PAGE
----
Scooby-Doo! and Scrappy-Doo! The Complete Season 1 DVD Review: Puppy Power Does Work

I had known Scooby-Doo cartoons my whole life.  They had always just been that Saturday morning staple and I never missed an episode.  For me, the main incarnation was the umbrella of The Scooby-Doo Show from 1976 – 1978.  It contained repeats of the Scooby-Doo: Where Are You? and new cartoons including the hilarious Scooby-Dum.  It was paired with Dynomutt and the Blue Falcon for a time and then as part of the Laff-A Lympics.  Then in the Fall of 1979, as I was eleven and about to turn twelve, my show changed pretty drastically.  This was the Fall that Scooby-Doo and Scrappy-Doo debuted on ABC. 

This season of Saturday-morning cartoons marked the beginning of the end of my cartoon watching on Saturday mornings.  It would last into the mid-’80s but it would never be the same as it was in the ’70s.  The change in my core cartoons made it clear that a pre-teen wasn’t the core audience.  Fred and Barney weren’t The Flintstones anymore, they had a Shmoo now.  It wasn’t just Popeye – he had brought along four nephews and Eugene the Jeep.  Even Godzilla wasn’t a villain anymore and he had a cute cousin named Godzuki.  But the most painful of all was that my Scooby-Doo had a nephew with a catchphrase, Scrappy-Doo.

I watched them out of duty during that season.  I fought it the whole way.  And I just quit Scooby-Doo until I would find him again when I had my own children in the late 1990s.  The series ran 16 episodes and featured mainly Scooby, Scrappy, and Shaggy as the main crime-solvers.  Fred, Velma, and Daphne were moved to mere co-starring roles.  I think that was a panic move because of ratings drops that just didn’t understand the appeal of the series in the first place.  It was a mystery show.  It was not a funny-dog show.  Ultimately, it was monsters and mysteries that kept the show entertaining.  Warner Bros has released the Scooby-Doo! and Scrappy-Doo! Complete Season 1 on DVD finally and I thought it was time to give it a fair shake.

Let’s start with the good.  “Shiver and Shake, That Demon’s a Snake” (Ep. 5) – Taking place in the Florida Keys with elements of voodoo and possession in Haiti and New Orleans.  Daphne buys a haunted idol.  It’s the plot point for many of their mysteries but this one feels like a classic. “Rocky Mountain Yiiii!” (Ep. 13) – I found this ski-lodge haunting to have the perfect balance of Scrappy to classic story.  The gang is at a ski lodge haunted by the ghost of Jeremiah Pratt.  Scrappy provides comic relief without really getting in the way of solving the mystery.  While the dogs and Shaggy are busy having ski adventures, it’s mostly Velma and Daphne who do the leg work and solve the mystery.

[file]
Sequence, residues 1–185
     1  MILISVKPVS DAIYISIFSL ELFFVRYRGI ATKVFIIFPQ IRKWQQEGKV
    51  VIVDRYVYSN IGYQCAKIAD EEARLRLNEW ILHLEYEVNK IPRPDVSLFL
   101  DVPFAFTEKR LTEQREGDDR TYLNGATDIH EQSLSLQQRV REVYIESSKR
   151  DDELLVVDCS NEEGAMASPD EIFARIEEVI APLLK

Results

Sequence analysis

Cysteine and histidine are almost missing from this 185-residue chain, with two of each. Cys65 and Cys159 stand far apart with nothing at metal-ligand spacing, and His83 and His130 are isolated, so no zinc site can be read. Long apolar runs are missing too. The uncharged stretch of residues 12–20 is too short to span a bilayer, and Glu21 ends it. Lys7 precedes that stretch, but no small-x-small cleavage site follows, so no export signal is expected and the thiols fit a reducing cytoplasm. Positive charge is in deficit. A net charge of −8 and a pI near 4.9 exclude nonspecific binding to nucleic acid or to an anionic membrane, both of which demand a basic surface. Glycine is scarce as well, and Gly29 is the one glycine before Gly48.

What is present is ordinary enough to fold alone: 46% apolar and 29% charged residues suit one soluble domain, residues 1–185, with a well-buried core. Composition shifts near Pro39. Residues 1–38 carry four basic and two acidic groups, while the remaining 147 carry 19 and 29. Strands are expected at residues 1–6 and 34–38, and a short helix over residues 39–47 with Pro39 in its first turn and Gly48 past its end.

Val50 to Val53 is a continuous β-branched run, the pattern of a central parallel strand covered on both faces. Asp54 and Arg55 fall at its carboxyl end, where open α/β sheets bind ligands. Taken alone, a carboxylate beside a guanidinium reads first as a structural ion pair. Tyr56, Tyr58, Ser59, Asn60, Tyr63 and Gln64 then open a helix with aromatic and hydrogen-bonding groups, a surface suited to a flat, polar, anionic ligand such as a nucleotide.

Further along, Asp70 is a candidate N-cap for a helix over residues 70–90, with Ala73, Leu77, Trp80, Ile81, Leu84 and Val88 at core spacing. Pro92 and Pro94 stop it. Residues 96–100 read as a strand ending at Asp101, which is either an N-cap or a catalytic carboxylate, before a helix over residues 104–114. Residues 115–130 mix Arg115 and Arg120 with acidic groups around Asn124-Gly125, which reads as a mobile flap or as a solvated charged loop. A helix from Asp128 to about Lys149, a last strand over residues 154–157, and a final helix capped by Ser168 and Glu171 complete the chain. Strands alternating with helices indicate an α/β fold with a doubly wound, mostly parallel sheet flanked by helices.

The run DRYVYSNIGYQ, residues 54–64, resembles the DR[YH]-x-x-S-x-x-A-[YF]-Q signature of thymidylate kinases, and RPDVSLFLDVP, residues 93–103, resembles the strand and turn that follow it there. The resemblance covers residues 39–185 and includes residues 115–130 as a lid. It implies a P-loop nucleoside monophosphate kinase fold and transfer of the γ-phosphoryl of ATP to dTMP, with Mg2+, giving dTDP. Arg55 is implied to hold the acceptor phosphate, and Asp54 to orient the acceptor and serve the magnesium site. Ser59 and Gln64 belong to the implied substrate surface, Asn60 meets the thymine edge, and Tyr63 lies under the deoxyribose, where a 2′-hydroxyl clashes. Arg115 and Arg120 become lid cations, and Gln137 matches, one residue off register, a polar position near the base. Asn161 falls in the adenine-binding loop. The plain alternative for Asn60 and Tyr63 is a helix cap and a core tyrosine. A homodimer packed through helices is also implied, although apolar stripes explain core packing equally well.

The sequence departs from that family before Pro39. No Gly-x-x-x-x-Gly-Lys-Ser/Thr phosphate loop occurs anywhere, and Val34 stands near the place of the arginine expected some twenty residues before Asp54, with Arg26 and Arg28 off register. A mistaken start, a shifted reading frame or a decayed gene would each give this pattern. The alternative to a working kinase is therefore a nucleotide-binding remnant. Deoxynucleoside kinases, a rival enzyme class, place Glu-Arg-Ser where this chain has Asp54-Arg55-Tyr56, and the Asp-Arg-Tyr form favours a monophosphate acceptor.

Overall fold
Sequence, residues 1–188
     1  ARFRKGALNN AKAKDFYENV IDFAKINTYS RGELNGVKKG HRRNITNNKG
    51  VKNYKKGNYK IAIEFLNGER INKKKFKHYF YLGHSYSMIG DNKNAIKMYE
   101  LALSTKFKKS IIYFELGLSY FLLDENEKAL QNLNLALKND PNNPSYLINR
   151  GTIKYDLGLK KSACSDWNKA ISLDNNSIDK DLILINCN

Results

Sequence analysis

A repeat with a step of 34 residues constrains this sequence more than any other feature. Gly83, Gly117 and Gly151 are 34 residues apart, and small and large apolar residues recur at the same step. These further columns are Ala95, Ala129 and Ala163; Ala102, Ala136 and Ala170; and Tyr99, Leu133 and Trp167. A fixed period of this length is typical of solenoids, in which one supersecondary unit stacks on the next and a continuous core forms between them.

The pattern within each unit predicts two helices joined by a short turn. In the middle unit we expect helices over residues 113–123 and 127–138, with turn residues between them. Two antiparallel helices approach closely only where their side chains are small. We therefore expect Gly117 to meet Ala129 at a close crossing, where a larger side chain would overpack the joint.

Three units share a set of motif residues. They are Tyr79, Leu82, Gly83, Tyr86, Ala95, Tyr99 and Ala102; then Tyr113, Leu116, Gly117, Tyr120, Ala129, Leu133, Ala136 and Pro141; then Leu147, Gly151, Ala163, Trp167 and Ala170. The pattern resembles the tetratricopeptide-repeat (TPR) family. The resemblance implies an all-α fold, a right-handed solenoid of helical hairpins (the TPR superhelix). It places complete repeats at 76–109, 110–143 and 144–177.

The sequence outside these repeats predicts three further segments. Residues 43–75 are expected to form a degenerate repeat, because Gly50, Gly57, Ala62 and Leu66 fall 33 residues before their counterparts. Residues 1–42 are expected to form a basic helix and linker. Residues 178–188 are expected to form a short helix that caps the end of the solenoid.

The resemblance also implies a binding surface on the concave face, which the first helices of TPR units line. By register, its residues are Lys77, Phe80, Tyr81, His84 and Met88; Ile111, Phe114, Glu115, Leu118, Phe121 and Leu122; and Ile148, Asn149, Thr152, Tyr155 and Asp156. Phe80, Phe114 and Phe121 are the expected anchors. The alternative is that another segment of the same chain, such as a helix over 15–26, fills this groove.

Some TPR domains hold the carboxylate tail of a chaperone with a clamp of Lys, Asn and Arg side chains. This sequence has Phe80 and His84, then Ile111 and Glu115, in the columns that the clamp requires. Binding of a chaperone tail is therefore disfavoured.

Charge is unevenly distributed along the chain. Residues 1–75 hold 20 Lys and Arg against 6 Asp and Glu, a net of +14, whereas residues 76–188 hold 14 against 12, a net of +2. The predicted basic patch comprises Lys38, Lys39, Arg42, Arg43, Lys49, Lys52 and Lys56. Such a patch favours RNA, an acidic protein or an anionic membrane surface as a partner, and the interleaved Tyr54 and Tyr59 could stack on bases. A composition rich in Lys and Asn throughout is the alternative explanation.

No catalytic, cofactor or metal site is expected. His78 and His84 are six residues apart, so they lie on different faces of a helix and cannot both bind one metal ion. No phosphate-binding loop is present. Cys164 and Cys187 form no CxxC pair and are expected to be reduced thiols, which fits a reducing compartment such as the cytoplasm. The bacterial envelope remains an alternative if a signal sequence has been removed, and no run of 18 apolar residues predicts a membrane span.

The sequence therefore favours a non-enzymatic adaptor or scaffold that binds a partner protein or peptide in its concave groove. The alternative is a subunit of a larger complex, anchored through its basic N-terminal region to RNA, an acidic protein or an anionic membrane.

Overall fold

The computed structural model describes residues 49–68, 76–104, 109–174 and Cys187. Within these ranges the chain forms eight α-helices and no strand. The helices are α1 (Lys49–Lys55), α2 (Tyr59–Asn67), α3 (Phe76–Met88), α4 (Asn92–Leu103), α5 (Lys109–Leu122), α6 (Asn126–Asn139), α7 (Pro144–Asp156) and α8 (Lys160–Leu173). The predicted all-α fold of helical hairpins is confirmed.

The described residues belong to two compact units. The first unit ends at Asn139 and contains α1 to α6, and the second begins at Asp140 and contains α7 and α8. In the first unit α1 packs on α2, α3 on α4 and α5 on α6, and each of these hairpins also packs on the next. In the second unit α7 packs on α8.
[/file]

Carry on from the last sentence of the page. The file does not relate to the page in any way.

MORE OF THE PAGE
But these are too few between a mess of wrong-thinking episodes. There are painful movie parodies that just aren’t well thought out – “Twenty Thousand Screams Under the Sea” (Ep. 9) and “Strange Encounters of a Scooby Kind” (Ep. 3).  The main place they go wrong is when they just try to feature Scooby and Scrappy doing crazy things. It’s bad enough when it’s just pandering to current trends like “The Neon Phantom of the Roller Disco” (Ep. 4), but there are just painful episodes aimed at much younger children than are usually drawn to the show. “The Demon of the Dugout” (Ep. 7) takes place during a baseball game in Japan.  I fear this was influenced by the Bad News Bears visiting Japan, but this ends even more painfully.  The episode includes Shaggy and Scooby dressed as baseball players, out-of-control fireworks, and Scrappy firing baseballs at the Dragon Beast.  It also includes at least 15 potentially offensive stereotypes about the Japanese within a short running time.

The verdict?  I’m going to be kind.  It has its place in the Scooby-Doo! history, a history that seems to flow from high to low and then back to high again.  The series would devolve further with the jettison of the supporting cast and just getting down to Shaggy, Scooby, and Scrappy and them teaming up on Saturday mornings with Richie Rich.  So, in retrospect these episodes still stick pretty close to the formula I loved. And it would take them down a bad “puppy power” path until they returned strong with the series of Cartoon Network films.

The DVD doesn’t contain any extras beyond the episodes of this initial season.  I can see where this didn’t appeal to the almost teenager in me that was enjoying Jason of Star Command and Shazam!  The addition of the puppy was like the adding of a baby to a show that’s faltering.  It rarely works.  But in this case it bought the franchise a few more years on the air.  So behold “Puppy Power” does work.

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Shawn Bourdo

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